Originality/value

Significant contributions are offered under two aspects. First, in terms of exploration of the concepts of public value (also in relation to public values) and private value. Second, in terms of analysis of the impact that PVM can exert on the logic of performance measurement and performance management.

Details

Public Value Management, Measurement and Reporting
Type: Book
ISBN: 978-1-78441-011-7

Keywords

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Book part
Publication date: 22 December 2006

L.R. Jones and Donald F. Kettl

This article attempts to capture and extend the lessons rendered in the previous articles in this book. In overview we may observe that over the past three decades…

Abstract

This article attempts to capture and extend the lessons rendered in the previous articles in this book. In overview we may observe that over the past three decades, criticisms about government performance have surfaced across the world from all points of the political spectrum. Critics have alleged that governments are inefficient, ineffective, too large, too costly, overly bureaucratic, overburdened by unnecessary rules, unresponsive to public wants and needs, secretive, undemocratic, invasive into the private rights of citizens, self-serving, and failing in the provision of either the quantity or quality of services deserved by the taxpaying public (See, for example, Barzelay & Armajani, 1992; Osborne & Gaebler, 1993; Jones & Thompson, 1999). Fiscal stress has also plagued many governments and has increased the cry for less costly or less expansive government, for greater efficiency, and for increased responsiveness. High profile members of the business community, financial institutions, the media, management consultants, academic scholars and the general public all have pressured politicians and public managers to reform. So, too have many supranational organizations, including OECD, the World Bank, and the European Commission. Accompanying the demand and many of the recommendations for change has been support for the application of market-based logic and private sector management methods to government (see, for example, Moe, 1984; Olson, Guthrie, & Humphrey, 1998; Harr & Godfrey, 1991; Milgrom & Roberts, 1992; Jones & Thompson, 1999). Application of market-driven solutions and business techniques to the public sector has undoubtedly been encouraged by the growing ranks of public sector managers and analysts educated in business schools and public management programs (Pusey, 1991).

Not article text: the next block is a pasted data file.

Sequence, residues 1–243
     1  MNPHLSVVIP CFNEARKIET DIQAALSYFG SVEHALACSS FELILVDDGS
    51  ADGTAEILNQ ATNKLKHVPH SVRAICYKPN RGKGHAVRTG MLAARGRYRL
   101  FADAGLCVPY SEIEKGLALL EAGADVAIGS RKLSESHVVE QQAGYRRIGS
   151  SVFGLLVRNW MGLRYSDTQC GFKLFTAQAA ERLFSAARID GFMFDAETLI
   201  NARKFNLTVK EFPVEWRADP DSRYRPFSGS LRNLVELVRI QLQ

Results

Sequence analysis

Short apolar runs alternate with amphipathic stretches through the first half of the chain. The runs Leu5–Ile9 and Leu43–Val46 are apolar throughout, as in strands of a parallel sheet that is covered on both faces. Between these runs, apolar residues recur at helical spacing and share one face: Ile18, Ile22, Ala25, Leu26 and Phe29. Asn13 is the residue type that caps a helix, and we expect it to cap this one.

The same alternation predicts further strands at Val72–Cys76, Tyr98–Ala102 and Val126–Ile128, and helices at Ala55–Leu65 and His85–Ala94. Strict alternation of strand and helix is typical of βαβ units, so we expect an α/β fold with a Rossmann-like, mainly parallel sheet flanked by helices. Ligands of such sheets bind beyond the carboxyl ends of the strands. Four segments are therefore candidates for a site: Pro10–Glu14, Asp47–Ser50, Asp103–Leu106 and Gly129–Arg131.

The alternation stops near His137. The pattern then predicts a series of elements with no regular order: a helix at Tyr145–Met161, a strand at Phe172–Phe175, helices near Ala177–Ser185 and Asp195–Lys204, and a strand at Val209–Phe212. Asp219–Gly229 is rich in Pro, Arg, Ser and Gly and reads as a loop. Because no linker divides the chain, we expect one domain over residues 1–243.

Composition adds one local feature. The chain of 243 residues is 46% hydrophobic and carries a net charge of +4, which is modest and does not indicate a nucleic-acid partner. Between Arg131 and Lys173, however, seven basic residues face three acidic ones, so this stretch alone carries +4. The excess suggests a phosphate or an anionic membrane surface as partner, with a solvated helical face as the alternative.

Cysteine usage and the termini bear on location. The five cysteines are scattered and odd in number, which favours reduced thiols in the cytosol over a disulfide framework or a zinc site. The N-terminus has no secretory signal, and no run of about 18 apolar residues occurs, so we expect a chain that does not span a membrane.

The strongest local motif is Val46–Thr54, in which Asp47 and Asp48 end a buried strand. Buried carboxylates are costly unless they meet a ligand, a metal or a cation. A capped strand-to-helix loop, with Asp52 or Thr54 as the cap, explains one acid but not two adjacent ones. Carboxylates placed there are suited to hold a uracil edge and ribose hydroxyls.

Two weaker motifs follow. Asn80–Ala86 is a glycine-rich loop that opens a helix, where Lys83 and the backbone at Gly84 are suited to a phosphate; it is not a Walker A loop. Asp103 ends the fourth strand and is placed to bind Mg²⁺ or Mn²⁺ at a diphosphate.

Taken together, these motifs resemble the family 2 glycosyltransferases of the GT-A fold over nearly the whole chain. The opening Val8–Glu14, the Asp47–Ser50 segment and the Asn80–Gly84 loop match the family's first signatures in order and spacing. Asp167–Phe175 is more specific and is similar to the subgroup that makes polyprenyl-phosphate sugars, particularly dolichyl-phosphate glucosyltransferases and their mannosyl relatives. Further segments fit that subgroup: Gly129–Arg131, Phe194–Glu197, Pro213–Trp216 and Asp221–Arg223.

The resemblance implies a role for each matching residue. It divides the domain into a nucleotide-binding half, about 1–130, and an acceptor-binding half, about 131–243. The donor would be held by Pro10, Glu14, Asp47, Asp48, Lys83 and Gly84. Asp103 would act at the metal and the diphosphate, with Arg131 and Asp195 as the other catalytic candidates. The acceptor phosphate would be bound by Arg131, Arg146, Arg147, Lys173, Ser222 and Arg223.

Details

Comparative Public Administration
Type: Book
ISBN: 978-1-84950-453-9